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Med Phys. 2011 Dec;38(12):6697-709. doi: 10.1118/1.3662895.

4D Cone-beam CT reconstruction using a motion model based on principal component analysis.

Author information

1
Department of Radiation Oncology, Virignia Commonwealth University, Richmond, Virginia 23298, USA. david.staub32@gmail.com

Abstract

PURPOSE:

To provide a proof of concept validation of a novel 4D cone-beam CT (4DCBCT) reconstruction algorithm and to determine the best methods to train and optimize the algorithm.

METHODS:

The algorithm animates a patient fan-beam CT (FBCT) with a patient specific parametric motion model in order to generate a time series of deformed CTs (the reconstructed 4DCBCT) that track the motion of the patient anatomy on a voxel by voxel scale. The motion model is constrained by requiring that projections cast through the deformed CT time series match the projections of the raw patient 4DCBCT. The motion model uses a basis of eigenvectors that are generated via principal component analysis (PCA) of a training set of displacement vector fields (DVFs) that approximate patient motion. The eigenvectors are weighted by a parameterized function of the patient breathing trace recorded during 4DCBCT. The algorithm is demonstrated and tested via numerical simulation.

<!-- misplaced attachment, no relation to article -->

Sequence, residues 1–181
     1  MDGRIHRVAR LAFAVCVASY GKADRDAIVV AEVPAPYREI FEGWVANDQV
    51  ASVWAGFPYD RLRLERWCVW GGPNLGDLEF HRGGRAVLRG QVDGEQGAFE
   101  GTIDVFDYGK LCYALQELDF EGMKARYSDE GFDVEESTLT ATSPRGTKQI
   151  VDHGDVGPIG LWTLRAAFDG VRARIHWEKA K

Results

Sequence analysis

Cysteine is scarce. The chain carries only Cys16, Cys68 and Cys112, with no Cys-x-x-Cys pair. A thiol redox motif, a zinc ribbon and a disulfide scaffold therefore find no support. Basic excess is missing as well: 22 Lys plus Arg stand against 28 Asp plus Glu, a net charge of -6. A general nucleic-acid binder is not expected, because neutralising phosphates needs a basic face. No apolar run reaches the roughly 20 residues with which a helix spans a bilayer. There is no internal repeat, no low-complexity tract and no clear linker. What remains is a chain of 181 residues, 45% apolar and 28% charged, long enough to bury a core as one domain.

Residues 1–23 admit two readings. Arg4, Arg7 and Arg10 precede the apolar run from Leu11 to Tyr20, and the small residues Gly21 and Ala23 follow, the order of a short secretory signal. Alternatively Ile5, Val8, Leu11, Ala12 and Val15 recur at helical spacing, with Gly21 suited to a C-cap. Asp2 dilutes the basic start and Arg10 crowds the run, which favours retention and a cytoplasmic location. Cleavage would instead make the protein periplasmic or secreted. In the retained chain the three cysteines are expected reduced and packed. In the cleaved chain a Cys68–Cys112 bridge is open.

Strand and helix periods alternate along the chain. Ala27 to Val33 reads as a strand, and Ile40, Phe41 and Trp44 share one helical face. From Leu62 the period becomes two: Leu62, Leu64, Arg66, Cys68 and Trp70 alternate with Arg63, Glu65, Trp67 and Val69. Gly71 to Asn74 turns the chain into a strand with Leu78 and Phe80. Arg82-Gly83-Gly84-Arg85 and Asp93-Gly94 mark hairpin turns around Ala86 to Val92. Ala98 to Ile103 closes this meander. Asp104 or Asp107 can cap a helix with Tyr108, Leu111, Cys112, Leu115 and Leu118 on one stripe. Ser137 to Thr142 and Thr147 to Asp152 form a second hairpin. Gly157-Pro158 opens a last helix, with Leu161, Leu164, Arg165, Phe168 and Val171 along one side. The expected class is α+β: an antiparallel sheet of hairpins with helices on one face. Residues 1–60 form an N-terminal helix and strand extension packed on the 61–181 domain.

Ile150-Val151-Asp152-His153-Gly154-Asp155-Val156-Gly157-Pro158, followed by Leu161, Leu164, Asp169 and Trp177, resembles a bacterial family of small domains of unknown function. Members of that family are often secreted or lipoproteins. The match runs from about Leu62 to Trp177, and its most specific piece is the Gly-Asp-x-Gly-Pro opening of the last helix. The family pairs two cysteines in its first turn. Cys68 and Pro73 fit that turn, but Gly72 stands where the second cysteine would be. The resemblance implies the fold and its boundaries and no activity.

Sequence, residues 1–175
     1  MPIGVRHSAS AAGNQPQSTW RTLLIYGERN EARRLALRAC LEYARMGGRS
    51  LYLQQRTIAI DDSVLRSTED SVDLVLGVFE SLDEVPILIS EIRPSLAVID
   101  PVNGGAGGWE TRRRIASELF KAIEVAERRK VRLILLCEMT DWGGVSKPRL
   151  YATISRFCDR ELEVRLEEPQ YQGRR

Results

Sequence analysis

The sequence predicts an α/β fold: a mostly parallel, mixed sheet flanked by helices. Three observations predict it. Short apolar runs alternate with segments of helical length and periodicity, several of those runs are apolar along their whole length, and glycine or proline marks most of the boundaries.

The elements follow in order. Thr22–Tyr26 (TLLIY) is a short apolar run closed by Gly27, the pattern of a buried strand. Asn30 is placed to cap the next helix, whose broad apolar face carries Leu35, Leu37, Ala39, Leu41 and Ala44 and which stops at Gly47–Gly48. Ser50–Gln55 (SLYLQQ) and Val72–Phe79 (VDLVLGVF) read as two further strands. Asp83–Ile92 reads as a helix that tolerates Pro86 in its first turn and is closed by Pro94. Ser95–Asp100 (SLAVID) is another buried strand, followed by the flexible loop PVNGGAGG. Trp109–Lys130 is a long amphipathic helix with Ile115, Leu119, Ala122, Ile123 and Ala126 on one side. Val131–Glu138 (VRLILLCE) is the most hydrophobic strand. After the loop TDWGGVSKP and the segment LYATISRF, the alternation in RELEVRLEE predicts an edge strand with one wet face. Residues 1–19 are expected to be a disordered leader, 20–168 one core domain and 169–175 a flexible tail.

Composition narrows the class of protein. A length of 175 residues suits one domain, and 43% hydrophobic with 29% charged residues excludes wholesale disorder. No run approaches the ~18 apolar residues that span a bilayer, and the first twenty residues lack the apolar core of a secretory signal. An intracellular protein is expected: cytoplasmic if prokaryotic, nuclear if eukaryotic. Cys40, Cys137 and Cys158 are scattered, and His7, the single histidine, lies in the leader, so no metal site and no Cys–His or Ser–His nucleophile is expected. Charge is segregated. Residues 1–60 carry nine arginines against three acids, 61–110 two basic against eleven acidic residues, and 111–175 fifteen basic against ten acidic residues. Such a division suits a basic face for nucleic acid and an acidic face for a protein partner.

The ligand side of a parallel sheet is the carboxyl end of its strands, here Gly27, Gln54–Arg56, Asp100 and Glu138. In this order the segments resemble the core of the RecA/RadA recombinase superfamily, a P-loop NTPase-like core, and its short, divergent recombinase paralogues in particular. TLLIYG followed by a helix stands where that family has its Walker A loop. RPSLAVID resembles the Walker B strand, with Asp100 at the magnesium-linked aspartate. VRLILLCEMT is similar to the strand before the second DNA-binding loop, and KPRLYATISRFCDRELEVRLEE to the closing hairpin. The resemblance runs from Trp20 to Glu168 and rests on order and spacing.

RESULTS:

The algorithm is shown to produce accurate reconstruction results for the most complicated simulated motion, in which voxels move with a pseudo-periodic pattern and relative phase shifts exist between voxels. The tests show that principal component eigenvectors trained on DVFs from a novel 2D/3D registration method give substantially better results than eigenvectors trained on DVFs obtained by conventionally registering 4DCBCT phases reconstructed via filtered backprojection.

CONCLUSIONS:

Proof of concept testing has validated the 4DCBCT reconstruction approach for the types of simulated data considered. In addition, the authors found the 2D/3D registration approach to be our best choice for generating the DVF training set, and the Nelder-Mead simplex algorithm the most robust optimization routine.

PMID:
22149852
PMCID:
PMC3247929
DOI:
10.1118/1.3662895
[Indexed for MEDLINE]
Free PMC Article
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